I knew that some day it would come. I just wasn’t ready for it when it happened. But there it was, in the mail. In the upper left corner of the plain white envelope were four letters: AARP. I was being scouted by the geezers.

Its optimistic tone couldn’t mask the baleful implications of its message: “Our records indicate that you are already missing out on great benefits, yada, yada, yada.” Well, their records were wrong! At the time, I wasn’t even fifty years old – at least in that regard I was like Jesus (John 8.57).  

Regardless, the signs were already there. My youngest child is the only one to not remember me having hair. When I played football or basketball with my son, I was in pain for days. My oldest daughter could outrun me. My clothing began shrinking at an alarming rate. My forehead got taller and taller. My cholesterol had far outstripped my IQ.

Could geezerdom be far behind?

As I pondered the letter, and my reaction to it, I first thought to myself that it was a humbling experience. That wasn’t quite true. It would be more accurate to say that it was a humiliating experience. To humiliate is to “make (someone) feel ashamed and foolish by injuring their dignity and self-respect” (Oxford American Dictionary). To humble someone can have the same meaning (at least in English), although it primarily means to “lower (someone) in dignity or importance” (Oxford). 

In Biblical thought, to be humbled is to be brought low. Humility is lowliness of spirit. It’s not so much having a poor opinion of yourself, your accomplishments, or your abilities; rather it’s simply not allowing self to enter the picture. Paul said that humility involved regarding others as more important than you and considering what’s in the best interest of others before considering your own interests (Philippians 2.3-4).

Where humiliation and humility differ is in their origin. Humiliation originates with our egos. When we’re humiliated, it’s because our egos have been bruised. We think, “How dare they do that to me!” Humility originates with a conscious decision to quit thinking of self. Self isn’t allowed an opinion about how others treat us. So then, if we’re injured or ridiculed, there’s no need to react with shame or embarrassment because we realize our self-worth is unchanged. We think, “The Lord is my helper. I will not be afraid. What will man do to me?” (Hebrews 13.6)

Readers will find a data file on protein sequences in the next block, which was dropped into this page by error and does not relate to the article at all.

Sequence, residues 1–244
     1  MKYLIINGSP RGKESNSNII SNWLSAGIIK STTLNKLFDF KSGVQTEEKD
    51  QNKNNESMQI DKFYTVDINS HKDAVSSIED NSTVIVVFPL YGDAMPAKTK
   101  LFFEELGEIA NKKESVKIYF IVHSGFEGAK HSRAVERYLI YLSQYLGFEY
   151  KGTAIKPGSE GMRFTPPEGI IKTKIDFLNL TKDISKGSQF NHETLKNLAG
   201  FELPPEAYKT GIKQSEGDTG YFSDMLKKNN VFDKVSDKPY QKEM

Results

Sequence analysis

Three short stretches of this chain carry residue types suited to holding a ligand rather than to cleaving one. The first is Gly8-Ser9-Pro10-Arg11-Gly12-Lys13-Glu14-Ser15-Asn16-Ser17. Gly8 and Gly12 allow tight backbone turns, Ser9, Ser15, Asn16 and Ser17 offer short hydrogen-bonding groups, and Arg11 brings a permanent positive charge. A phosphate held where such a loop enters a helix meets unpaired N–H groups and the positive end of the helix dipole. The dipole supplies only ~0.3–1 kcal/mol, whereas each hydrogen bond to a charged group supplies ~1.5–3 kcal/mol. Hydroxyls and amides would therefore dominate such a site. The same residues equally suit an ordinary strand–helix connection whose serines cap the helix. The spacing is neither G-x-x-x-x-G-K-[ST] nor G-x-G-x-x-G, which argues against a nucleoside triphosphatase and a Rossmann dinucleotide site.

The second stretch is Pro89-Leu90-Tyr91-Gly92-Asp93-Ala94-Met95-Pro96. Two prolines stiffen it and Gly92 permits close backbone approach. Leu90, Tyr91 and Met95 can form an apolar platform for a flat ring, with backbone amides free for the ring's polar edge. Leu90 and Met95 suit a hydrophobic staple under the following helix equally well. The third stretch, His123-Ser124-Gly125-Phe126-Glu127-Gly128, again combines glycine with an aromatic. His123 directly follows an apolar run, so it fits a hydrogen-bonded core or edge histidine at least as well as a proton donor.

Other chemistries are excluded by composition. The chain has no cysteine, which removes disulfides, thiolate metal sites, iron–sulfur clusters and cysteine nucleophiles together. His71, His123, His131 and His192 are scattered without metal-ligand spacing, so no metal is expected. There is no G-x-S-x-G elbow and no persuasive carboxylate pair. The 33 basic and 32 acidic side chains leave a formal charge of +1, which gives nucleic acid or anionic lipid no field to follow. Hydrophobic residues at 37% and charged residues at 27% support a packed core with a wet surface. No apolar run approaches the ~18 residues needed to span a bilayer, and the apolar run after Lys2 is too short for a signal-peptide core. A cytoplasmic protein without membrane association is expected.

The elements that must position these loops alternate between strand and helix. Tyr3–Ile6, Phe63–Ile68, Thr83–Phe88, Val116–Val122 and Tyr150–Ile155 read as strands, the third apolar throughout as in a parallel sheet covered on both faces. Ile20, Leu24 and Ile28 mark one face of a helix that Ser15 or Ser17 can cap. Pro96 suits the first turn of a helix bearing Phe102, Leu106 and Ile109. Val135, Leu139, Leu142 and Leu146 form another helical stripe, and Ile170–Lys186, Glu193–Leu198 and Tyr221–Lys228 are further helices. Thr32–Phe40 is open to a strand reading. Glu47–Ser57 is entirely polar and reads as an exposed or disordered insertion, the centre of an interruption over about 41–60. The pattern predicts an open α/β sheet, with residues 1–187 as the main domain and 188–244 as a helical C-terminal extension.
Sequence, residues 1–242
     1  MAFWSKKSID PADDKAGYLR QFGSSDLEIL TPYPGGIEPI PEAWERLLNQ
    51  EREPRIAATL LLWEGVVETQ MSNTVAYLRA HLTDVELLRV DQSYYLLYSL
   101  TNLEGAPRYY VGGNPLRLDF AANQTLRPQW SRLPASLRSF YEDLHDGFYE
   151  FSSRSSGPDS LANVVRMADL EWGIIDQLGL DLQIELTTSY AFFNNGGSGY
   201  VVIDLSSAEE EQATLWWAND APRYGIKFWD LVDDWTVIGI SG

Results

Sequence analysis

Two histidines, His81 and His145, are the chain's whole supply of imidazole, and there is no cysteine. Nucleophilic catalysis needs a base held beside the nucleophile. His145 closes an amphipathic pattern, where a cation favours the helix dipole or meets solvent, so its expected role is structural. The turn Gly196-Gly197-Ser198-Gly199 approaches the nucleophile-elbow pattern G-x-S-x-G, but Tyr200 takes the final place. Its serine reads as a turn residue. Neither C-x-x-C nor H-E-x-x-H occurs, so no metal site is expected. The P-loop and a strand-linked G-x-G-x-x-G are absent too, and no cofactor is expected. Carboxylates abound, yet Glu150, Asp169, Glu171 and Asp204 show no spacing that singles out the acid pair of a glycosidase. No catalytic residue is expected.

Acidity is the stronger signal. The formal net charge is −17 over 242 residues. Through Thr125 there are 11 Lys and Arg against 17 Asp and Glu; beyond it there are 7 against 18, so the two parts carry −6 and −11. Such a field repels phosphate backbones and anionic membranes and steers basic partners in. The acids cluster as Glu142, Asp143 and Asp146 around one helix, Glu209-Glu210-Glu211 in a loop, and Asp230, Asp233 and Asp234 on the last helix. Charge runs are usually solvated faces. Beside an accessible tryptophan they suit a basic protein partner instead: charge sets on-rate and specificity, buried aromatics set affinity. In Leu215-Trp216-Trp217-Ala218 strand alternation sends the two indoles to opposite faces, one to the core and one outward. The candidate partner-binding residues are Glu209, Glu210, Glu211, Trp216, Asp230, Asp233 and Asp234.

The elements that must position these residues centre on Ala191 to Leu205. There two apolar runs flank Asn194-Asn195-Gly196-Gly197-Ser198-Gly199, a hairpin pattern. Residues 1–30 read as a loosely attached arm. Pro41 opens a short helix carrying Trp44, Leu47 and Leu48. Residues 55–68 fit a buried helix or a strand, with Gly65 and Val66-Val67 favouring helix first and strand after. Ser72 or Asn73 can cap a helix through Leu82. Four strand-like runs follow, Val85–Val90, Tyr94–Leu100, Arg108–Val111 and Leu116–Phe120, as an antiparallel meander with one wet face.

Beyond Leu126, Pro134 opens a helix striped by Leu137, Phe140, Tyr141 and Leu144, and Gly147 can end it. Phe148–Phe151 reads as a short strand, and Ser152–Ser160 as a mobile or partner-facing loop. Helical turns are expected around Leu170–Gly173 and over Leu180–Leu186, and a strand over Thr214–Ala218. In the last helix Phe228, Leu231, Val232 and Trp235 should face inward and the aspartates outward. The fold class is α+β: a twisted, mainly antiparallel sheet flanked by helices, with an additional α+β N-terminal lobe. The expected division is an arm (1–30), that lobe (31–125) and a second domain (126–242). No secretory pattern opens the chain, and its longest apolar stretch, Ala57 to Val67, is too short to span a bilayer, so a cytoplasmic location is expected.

Too often we react from an inflated ego rather than a humble spirit. Insults and injuries (real or imagined) ignite us in a moment. In our minds we have something at stake, something to defend, and we react accordingly. 

Jesus expects more from his followers. It’s no wonder Jesus said that to be a disciple, a man “must deny himself, and take up his cross and follow me” (Luke 9.23). Step one is self-denial. In this we’re only following Jesus’ own example: “And while being reviled, He did not revile in return; while suffering, He uttered no threats, but kept entrusting Himself to Him who judges righteously” (1 Peter 2.23). Perhaps the reason we do so poorly in applying this is because we’ve never mastered step one.

Humility is liberating because it allows us to function in a variety of circumstances, good or bad. When self is no longer the reference point of our existence, we’re free to pursue other, more worthwhile things. Such humility enabled Paul to say, “Therefore I am well content with weaknesses, with insults, with distresses, with persecutions, with difficulties, for Christ’s sake; for when I am weak, then I am strong” (2 Corinthians 12.10).

For most of us, the biggest source of misery is not age, illness, money or persecution. Our greatest source of misery is self. So long as self holds first place in our lives, we may expect regularly to be humiliated. 

And as for me and my mail: “The Lord is my helper. I will not be afraid. What will AARP do to me?”